This past January, the CFPB filed a lawsuit against TCF National Bank in Minnesota federal district court that alleged that the bank, in connection with offering overdraft services, violated the Consumer Financial Protection Act’s UDAAP prohibition and Regulation E (which implements the Electronic Funds Transfer Act).  Earlier this month, the district court granted in part TCF’s motion to dismiss the CFPB’s amended complaint and dismissed with prejudice the CFPB’s Regulation E claims.  This opinion represents a serious setback for the CFPB (1) specifically in connection with other similar overdraft protection cases in which the CFPB has alleged that a bank’s opt-in procedure violated Regulation E, and (2) generally in connection with a wide variety of cases in which the CFPB is seeking to recover damages and civil money penalties for alleged CFPA violations that predate July 21, 2011.

Although it was undisputed that TCF had provided the opt-in notice required by Regulation E, the CFPB alleged that TCF engaged in abusive and deceptive practices in connection with enrolling new customers in overdraft services and that it did not comply with the Regulation E requirements to provide a “reasonable opportunity” for customers to consent to overdraft services and to obtain the customer’s affirmative consent.

The court was unwilling to dismiss the CFPB’s UDAAP claims because it could not conclude that “the Bureau failed to plausibly allege abusive or deceptive conduct simply because the required notice was provided at some point during the account-opening process.”  However, the court would not allow the CFPB to assert UDAAP claims arising before July 21, 2011 (the CFPA’s “designated transfer date”) using “a type of continuing-violation theory.”  The court observed that “accepting the Bureau’s argument theoretically could render unlawful every account opening ever conducted by TCF, since some of them occurred after the CFPA’s effective date.”

In dismissing the CFPB’s Regulation E claims, the court rejected the CFPB’s attempt to transform conduct that allegedly violated the CFPA into Regulation E violations.  According to the court, while the CFPA broadly attaches to abusive or deceptive practices, “Regulation E, on the other hand, specifies with almost surgical precision the information banks must convey to consumers in connection with overdraft services—a description of the services, the right to opt-in (or not) and so on—and the ways in which they may obtain consumers’ consent.”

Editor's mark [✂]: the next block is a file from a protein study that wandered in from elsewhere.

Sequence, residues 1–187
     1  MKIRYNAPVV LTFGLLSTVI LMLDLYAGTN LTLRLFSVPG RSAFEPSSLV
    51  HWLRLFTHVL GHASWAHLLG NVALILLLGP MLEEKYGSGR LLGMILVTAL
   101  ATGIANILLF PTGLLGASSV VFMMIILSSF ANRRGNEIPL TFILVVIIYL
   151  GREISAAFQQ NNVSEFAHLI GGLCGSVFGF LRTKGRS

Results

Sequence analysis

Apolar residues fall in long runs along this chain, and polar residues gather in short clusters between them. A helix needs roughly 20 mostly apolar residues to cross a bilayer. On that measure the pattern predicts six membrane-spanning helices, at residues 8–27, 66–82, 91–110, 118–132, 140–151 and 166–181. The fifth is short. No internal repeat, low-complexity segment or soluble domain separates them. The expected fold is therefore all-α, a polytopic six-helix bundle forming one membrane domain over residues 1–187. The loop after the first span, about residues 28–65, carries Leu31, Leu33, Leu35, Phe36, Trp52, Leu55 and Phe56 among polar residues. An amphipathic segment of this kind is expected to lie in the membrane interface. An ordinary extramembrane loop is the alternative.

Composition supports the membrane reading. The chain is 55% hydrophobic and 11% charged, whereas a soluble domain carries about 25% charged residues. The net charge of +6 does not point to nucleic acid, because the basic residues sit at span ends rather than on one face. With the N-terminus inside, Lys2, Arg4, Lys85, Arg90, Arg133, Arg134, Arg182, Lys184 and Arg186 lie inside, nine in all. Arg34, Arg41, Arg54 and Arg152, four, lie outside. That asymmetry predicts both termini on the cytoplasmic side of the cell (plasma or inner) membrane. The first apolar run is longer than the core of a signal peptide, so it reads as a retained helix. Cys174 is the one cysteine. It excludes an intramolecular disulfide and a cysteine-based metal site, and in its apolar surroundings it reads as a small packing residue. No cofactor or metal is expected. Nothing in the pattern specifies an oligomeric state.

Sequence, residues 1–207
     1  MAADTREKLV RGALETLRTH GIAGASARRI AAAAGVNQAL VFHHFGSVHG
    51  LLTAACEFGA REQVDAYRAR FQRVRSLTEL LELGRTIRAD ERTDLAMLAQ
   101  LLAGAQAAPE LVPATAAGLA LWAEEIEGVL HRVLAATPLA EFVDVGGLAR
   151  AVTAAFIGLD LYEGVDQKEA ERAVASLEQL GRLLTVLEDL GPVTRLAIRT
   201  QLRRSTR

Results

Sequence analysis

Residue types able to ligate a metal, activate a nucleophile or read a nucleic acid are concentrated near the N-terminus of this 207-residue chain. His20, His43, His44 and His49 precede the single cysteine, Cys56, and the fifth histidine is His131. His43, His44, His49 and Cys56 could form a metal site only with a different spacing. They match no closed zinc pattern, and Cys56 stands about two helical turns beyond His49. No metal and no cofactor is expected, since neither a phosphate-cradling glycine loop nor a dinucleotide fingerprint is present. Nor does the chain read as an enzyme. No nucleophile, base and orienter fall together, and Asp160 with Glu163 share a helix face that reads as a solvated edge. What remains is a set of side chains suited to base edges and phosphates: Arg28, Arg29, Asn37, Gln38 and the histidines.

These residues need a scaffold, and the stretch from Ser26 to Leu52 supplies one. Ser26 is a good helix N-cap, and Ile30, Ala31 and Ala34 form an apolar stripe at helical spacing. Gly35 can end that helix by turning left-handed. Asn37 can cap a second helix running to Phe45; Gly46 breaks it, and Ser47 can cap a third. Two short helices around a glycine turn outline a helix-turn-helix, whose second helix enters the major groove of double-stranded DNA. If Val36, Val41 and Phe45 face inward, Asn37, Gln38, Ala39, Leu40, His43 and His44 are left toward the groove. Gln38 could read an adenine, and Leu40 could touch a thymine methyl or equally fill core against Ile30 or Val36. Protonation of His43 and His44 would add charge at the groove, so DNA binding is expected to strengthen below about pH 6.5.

The court determined that Regulation E’s “reasonable opportunity” requirement “concerns only the manner in which consent may be obtained, and nothing more.”  In the court’s view, Regulation E’s intent was “to delineate specific information banks must provide to customers, not to more broadly prevent misleading or deceptive conduct in connection with the opt-in decision—the purview of the CFPA.”  Because the amended complaint did not allege that TCF failed to provide reasonable or appropriate means for consumers to provide consent, the court concluded that the CFPB’s “reasonable opportunity” claim failed.

The court also characterized the CFPB’ claim that customers failed to “affirmatively consent” because they did not understand what they were agreeing to as an attempt to “squeeze the CFPA’s broader proscriptions against misleading conduct into [Regulation E].”  The court noted that the amended complaint contained no plausible allegation that TCF failed to “actually obtain” new or existing customers’ consent to overdraft services. (emphasis provided). Calling this deficiency “fatal,” the court observed that Regulation E “requires a bank to obtain ‘affirmative consent’ and nothing more, and it is not infused with the CFPA’s gloss of preventing ‘abusive’ or ‘deceptive’ conduct.  By the Bureau’s reckoning, it would not be enough to obtain a consumer express (or ‘affirmative’) consent, but rather a bank such as TCF would be required to obtain the customer’s informed consent, lest it violate Regulation E.” (emphasis provided).

Last month, the CFPB issued another report on checking account overdraft services and four one-page prototype model forms to replace the current Regulation E model form for banks to use to disclose overdraft fees and obtain a consumer’s consent to overdraft services.  In its Spring 2017 rulemaking agenda, as it did in its Fall 2015 agenda and Fall and Spring 2016 agendas, the CFPB stated that it “is continuing to engage in additional research and has begun consumer testing initiatives related to the opt-in process.”